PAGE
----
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Building A Fighting Leadership
THE KEY question at the National Union of Teachers (NUT) conference was: "Can we elect a leadership that will fight against government attacks on teachers?"
Steve Score, in Harrogate
Teachers expressed their anger on issues such as government plans to replace their jobs with lower-paid teaching assistants, inadequate education funding, plans to force them to work five years longer to get a full pension and attacks on pay.
The NUT, alone of the education unions, has refused to sign up to an agreement which they see as 'teaching on the cheap'.
As Martin Powell-Davies, Socialist Party member and a candidate for the general secretary election put it:
"The government wants poorly paid teaching assistants to do our jobs but not on our pay."
A motion was agreed which noted the failure of the leadership to act on previous conference policy and called for opposition to the agreement to be turned into action, including the possibility of strike action.
The conference also reaffirmed its policy of opposing SATs as they are educationally harmful to pupils. But every year policy to take action to fight back against the government is agreed at the conference and then ignored by the leadership. 86% voted in a recent ballot to boycott SATs tests, yet it was not acted on because the turnout was not considered good enough by the NUT executive.
Determined, united action
As Bhasker Badresha from Redbridge in east London put it: "Blair is not going to soil his trousers if he hears we are issuing a circular. We need determined, united action like the London Allowances strike. The conference policies are carried with passion but not implemented with passion."
The desire for a fighting leadership was evident when guest speaker Mark Serwotka, general secretary of the civil service union PCS, was given a standing ovation. The PCS are currently taking action over pay and were threatened with the loss of thousands of jobs in Gordon Brown's recent budget statement. He said: "Sacking workers on TV is as bad as sacking them by text. This cannot go unchallenged."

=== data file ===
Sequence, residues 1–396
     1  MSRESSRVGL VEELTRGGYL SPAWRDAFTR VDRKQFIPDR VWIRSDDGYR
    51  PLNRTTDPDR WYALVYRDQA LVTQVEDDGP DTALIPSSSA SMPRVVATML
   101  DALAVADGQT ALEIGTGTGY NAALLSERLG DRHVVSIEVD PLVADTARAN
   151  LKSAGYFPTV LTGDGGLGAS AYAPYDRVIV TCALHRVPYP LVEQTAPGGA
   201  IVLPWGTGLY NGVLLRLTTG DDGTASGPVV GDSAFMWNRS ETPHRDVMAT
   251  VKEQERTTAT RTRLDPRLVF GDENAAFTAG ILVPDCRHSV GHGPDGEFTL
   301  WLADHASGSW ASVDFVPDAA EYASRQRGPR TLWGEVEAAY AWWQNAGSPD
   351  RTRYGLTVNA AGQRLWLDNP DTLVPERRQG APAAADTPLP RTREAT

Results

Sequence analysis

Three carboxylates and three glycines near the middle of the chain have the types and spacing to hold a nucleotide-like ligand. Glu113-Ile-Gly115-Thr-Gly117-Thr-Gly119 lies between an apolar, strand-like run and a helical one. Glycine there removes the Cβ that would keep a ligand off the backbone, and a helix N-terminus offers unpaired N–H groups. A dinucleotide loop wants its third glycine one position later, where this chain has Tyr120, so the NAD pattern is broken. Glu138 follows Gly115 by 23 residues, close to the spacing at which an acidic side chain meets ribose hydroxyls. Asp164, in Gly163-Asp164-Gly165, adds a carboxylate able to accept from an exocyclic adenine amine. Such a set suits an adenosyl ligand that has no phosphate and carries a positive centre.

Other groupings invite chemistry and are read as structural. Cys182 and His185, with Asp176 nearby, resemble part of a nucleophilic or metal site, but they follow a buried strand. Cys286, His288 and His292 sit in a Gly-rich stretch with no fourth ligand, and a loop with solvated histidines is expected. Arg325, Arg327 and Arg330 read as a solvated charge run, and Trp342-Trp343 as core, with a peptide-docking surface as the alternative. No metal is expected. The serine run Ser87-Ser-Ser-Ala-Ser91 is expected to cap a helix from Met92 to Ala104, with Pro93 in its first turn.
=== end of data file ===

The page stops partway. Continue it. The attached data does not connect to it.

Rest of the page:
One hour of the conference was put aside for election hustings to hear the candidates in the NUT general secretary election. Martin Powell-Davies explained his platform for "a leadership that matches members' desire to fight back against government attacks." He was received favourably by many delegates especially because of the fact that, unlike the other candidates, he is a classroom teacher and he will only take a teacher's wage if elected.
All delegates were questioned, giving Martin the chance to explain his programme for change. The difference between him and the others became clear. He would go to the classrooms to explain the need to fight. One young delegate said that Martin was the only one with "get up and go".
50 delegates attended an 'Elect Martin' campaign fringe meeting and pledged to build support in their local areas.
If Martin succeeds in this election it will the beginning of a transformation in the union which will finally mean a real fight to defend its members.
In The Socialist 17 April 2004:
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